Wait! You mean MSNBC didn't choose Andrea Lafferty as the ENDA spokesperson?

No, that was the WaPo and a few other MSM outlets. Seriously.

kori mika | May 29, 2010 1:05 PM

The only way to get more visibility on mainstream media is to do something news worthy. Such as protests, sit ins, demontrations, and whatever it takes to make the news outside of harming others. It may come to that even, if people won't wake up. It is time to pass ENDA with inclusion and rights for all without any bathroom issues forcing segregation of trans folk. As far as leadership, we could all use a course on working together and not tearing apart our own sisters who don't present the same way we do. Accept CDs and Transvestites for who they are and move on! I have nothing against someone who is a classic transexual, what bothers me is what they have against the rest of us!

Rebecca, I know many of us have been talking til we're blue in the face and we will continue to talk until we are blue in the face but Joe is right. We've not been talking til we're blue in the face in a coordinated manner.

Choi and company made DADT sexy and as crass as it is, sexy sells. I honestly believe that if our messaging was strong and folks involved stayed on message we'd be successful in getting Mainstream Media to cover ENDA.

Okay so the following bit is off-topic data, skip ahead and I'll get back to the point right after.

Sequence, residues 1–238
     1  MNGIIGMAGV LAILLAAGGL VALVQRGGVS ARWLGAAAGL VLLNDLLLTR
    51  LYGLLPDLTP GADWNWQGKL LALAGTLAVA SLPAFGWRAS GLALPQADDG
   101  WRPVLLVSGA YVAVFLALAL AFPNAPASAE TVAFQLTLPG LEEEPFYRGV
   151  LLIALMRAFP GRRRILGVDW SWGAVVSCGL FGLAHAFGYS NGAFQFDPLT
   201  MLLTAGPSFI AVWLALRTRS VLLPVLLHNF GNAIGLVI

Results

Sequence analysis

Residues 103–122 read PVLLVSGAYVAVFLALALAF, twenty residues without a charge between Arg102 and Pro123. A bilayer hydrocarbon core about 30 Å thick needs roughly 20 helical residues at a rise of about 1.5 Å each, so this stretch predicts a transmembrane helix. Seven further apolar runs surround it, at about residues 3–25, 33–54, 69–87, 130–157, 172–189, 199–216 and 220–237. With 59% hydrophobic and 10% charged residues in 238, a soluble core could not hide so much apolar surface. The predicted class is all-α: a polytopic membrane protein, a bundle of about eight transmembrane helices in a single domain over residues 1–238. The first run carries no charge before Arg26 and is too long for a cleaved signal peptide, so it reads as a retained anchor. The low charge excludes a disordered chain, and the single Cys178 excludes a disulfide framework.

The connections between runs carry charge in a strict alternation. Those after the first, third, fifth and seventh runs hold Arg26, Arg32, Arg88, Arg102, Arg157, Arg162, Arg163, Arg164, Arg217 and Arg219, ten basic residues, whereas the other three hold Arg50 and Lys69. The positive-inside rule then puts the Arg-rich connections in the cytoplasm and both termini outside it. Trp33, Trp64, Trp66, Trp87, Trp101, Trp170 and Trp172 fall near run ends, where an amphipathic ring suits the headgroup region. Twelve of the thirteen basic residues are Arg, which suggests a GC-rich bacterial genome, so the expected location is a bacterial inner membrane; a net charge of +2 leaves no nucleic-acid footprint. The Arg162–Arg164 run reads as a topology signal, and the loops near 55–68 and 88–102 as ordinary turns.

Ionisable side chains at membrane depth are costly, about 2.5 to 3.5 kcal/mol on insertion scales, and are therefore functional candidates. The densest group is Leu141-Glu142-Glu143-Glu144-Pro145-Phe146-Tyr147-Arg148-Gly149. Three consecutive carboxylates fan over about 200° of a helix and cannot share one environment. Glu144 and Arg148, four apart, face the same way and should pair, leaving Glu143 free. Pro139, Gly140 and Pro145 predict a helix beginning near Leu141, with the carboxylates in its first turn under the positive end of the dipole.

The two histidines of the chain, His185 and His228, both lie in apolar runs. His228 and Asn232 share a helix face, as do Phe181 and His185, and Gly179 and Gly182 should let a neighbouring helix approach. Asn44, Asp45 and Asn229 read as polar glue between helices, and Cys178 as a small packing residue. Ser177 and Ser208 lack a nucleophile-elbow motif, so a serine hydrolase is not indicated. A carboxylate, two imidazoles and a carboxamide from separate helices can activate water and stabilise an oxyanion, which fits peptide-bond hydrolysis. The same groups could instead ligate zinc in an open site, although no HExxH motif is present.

We can easily create our own "stories from the front lines" considering how many people in our community have lost careers on the sole basis that they were fired. I've noticed in my speaking that when I provide personal stories of people who have been discriminated against, others "get it."

Michael @ LeonardMatlovich.com | May 29, 2010 2:12 PM

Because there is so much misunderstanding, though I'm not saying Rebecca meant to reinforce it by writing, "we're seeing DADT now move quickly in Congress," while there IS a hell of lot of discussion about it...for the first time in 17 years, BTW.... movement is not necessarily movement forward.

In fact, the opposite could be argued at this point in time .... that we've moved BACKWARD....as the most recent action involved trashing the explicit BAN on any kind of discrimination against gays in the military that had existed in previous bills. We're statutorially defenseless, and carte blanch power to do whatever they want has been returned to the Pentagon. Erasing DADT...IF it finally happens for which there is no guarantee...but one step.

Yes, there are a lot of people trusting that the foxes will stop attacking the chickens out of the goodness of their hearts but today's theoretical benign foxes can be replaced by bloodthirsty foxes in the future.

Finally, as I've written at length before, and others reference eloquently here, the fastest way to create OPPORTUNITIES for easily digested MSM coverage of ENDA is to identify media-genic "poster girls/boys."

The failure to do that only gives MSNBC or any other MSM outlet an excuse not to cover ENDA. It is the nature of the beast; moralizing about it isn't going to change it, only strategizing is.

I did not mean to suggest that there has not been a huge volume of chatter about ENDA. There are Contributors here who have sacrificed more than anyone should to get the message out -- but, what has that message been?